These complex egg carton roses and daffodils are among the types I used to make with my grandmother; the egg carton flowers in A Kid’s Guide to Keeping Chickens charmingly use lollypops as a flower center.

So that’s really what I go back to in this book. I still love crafts and DIY. I’ve talked about this before, but I grew up with the bizarre idea that  Read the rest of this entry »

8 Employee Favorite Chicken Breeds March 13, 2015 5 Comments

As you probably know, what chicken breed works best for your family will depend on what you’re looking for, as well as where you’re located. For instance, if you live in Minnesota and want a hen that lays brown eggs, you’re not going to like cold intolerant, white egg laying Leghorns very well! On the other hand, if you live in the desert southwest and want heat tolerant birds with spotted plumage, you’re not going to care much for, say, Black Cochins. That in mind, we recently asked our employees to officially share their personal favorite–and least favorite–chicken breeds or varieties.

The list is fascinating–we both agree and disagree with each other! You may notice some employees have the same favorite chicken breeds for (seemingly) schizophrenic reasons. That is, when a variety is among the favorite chicken breeds because they’re not overly friendly AND because they’re lovey-dovey, how do you make sense of that? I reconcile it two ways:

  • First, individual birds have individual personalities.
  • Second, maybe they just give you the affection you’re open to! :)

Interestingly, there were also a few varieties that made both lists. We attribute this to the fact that our employees telecommute and live across the country, with flocks in vastly different conditions. Varieties that made both list are in BLUE.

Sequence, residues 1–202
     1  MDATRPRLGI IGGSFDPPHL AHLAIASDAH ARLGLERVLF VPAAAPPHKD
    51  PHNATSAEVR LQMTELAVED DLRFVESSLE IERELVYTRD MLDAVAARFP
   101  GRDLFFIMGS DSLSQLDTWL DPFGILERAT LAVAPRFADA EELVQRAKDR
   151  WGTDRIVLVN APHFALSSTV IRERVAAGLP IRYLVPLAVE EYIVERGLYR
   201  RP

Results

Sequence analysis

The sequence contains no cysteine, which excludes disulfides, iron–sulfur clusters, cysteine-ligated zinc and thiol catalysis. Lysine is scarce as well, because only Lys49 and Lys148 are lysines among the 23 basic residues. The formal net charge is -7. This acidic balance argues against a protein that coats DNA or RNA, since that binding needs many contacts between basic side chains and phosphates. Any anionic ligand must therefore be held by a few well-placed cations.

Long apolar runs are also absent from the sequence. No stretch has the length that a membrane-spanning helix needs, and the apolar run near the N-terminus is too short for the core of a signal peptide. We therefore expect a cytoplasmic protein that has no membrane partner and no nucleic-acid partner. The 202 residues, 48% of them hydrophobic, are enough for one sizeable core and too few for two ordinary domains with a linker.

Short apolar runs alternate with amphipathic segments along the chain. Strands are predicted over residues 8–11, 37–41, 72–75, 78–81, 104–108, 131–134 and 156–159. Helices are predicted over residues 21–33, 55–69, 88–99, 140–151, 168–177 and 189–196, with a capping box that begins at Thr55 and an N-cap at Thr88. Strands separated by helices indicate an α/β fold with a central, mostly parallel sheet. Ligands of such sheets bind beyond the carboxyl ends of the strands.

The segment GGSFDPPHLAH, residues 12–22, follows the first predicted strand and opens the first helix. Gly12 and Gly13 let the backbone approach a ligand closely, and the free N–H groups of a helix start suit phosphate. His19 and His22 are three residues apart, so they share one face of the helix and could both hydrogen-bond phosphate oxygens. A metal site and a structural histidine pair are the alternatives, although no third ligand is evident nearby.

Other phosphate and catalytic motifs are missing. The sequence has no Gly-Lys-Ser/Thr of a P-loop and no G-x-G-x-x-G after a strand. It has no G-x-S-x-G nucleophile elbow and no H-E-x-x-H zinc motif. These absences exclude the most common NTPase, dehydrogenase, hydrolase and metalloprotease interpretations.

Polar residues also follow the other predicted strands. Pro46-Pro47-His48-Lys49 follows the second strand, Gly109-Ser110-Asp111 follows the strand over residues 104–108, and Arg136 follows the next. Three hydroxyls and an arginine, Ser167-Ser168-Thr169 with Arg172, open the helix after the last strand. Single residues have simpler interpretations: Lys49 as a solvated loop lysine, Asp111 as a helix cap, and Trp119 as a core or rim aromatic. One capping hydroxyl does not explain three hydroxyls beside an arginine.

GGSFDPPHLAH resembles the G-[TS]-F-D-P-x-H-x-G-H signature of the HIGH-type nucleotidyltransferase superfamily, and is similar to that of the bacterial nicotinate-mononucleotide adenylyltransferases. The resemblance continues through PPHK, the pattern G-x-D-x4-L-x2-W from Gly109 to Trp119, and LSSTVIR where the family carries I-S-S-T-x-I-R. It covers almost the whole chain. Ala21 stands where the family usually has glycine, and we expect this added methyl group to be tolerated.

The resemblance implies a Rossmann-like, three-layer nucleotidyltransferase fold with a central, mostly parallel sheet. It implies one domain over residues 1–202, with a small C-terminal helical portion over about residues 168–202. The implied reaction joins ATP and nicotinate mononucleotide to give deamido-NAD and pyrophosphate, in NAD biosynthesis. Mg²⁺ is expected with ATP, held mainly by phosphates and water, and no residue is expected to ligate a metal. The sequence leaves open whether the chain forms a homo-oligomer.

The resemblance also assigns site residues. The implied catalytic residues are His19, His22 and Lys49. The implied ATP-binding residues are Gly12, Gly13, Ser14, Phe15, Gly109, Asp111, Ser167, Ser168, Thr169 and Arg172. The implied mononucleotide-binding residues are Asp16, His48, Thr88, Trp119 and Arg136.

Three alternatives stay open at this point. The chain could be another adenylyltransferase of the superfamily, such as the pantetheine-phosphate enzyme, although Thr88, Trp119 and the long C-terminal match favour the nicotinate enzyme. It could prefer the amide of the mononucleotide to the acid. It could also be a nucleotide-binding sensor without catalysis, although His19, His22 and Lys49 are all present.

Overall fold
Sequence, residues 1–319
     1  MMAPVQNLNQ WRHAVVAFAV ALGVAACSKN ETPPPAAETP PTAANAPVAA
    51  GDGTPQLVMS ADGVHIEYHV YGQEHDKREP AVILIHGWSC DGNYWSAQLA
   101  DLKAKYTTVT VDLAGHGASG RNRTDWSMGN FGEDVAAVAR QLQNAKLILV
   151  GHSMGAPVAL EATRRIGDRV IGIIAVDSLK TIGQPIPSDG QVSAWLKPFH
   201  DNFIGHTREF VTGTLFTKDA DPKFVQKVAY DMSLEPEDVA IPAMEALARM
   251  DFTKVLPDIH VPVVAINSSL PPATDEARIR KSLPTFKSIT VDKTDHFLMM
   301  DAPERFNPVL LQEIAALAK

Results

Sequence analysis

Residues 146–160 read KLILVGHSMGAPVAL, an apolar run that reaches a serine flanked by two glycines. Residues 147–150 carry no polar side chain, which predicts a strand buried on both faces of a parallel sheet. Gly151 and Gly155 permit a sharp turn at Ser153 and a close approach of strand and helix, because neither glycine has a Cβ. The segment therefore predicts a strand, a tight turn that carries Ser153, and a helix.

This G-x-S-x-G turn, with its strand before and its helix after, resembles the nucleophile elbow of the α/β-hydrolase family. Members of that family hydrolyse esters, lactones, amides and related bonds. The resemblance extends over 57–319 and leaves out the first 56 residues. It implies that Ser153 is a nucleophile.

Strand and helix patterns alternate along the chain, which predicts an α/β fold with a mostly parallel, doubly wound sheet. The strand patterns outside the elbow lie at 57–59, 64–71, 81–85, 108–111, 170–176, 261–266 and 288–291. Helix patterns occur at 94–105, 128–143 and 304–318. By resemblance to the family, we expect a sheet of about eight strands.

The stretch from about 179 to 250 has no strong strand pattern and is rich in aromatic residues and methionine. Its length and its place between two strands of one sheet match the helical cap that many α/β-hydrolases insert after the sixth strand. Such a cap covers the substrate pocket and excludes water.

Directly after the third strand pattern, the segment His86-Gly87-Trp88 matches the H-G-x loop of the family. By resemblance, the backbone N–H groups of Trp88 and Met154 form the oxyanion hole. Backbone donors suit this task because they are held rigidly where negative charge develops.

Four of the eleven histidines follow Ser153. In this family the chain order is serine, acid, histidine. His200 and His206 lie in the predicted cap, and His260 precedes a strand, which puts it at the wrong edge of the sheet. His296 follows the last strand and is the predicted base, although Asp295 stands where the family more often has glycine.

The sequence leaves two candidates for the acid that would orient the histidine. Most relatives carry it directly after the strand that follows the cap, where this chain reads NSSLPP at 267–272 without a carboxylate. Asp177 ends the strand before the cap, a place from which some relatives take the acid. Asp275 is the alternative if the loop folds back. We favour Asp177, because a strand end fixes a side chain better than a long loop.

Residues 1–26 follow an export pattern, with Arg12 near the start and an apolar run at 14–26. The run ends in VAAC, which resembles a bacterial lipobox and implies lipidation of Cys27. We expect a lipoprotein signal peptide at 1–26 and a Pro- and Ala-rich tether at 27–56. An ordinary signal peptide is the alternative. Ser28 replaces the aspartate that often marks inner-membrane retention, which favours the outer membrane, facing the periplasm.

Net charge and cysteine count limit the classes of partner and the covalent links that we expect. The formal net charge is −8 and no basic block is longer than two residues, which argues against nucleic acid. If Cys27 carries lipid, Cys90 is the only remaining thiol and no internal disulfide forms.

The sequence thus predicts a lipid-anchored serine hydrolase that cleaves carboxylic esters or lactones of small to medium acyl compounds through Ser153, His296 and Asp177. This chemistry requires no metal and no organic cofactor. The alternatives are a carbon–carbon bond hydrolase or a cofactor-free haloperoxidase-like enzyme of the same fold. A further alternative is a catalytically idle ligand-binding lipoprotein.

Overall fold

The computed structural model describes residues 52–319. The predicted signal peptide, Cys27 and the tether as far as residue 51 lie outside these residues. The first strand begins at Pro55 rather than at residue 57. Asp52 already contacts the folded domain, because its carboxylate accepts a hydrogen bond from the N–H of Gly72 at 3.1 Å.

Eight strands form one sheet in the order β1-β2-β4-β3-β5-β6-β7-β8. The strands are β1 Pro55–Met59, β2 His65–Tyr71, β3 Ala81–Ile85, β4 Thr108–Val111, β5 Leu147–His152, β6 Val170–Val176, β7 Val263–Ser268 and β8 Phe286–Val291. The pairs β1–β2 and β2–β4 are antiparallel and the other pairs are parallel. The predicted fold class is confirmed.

So… first, we’ll share our MPC favorite chicken breeds.

Favorite Chicken breeds of MPC Employees

(in alphabetical order)

1. Cochin

Jordana: “I know eggs are great, but I adore the huge, fluffy, gentle giants! They sit on my feet when they are small to ride around the yard!”

Favorite chicken breeds

Mottled cochin

2. Easter Egger

Sam: “They are such beautiful birds with Read the rest of this entry »

5 Ways To Teach Life Skills to Kids with a Flock March 12, 2015 2 Comments

Not long ago I saw a post on Facebook about a child who had just gotten a website up and running for his small, local business selling hatching eggs and chicks. I was fascinated! I have children of my own, and we have also been on the journey of starting small business endeavors within their capabilities. I spoke with the parents of this young entrepreneur, and they agreed to let him do an interview with me and find out how other kids with a flock are learning and benefiting from keeping chickens.

So, without further ado, let me introduce Pete, owner of Pete’s (adjective) Poultry.  (That name is not a typo; it’s actually named that so you can insert your own adjective, like “Pete’s Pretty Poultry” or “Pete’s Wicked-cool Poultry.”)

Kids with a flock: Pete and Sprinkles

Me: Pete, how old are you? And how old were you when you got your first chicken?

Pete: I am eight and a half years old. I’m guessing seven (when he got his first chicken). Pete’s Mom; He was 3 when we got our first chickens, but I don’t think he really considered those his own. He started doing the 4-H poultry curriculum and raising his own chickens last year.

Me: Pete, what is your favorite breed of chicken? Read the rest of this entry »

Fantasy World Poultry Tour February 27, 2015 3 Comments

I’m ready to go on a fantasy world poultry tour. Why? I miss my chickens. I mean, technically, they’re still here. I’ve not stopped keeping chickens, of course. Nothing has happened to them. Nothing but snow. Deep snow.

Deep, deep snow.

Mother nature decorates with chickens

How can I get back to the coop without touching this white stuff?

My girls enjoy a little of the white stuff, but when it gets deeper than they are tall, they tend to stay in their coop. Wouldn’t you? And when it gets to be in the single digits as it has in my area recently, I tend to stay in my coop–I mean, house. By the fire. Ideally with hot cocoa or bowls of steaming soup.

So, I stay in and they stay in, and we seldom cross paths. I gaze longingly at the coop door through my window, hoping for a glimpse or two as they pop their heads out to test the weather, but they’re as disgusted by it as I am. When the temperature rises to the 20s and 30s, it’s snow and grey skies. When it’s sunny and clear, the temperature has dropped  to intolerable.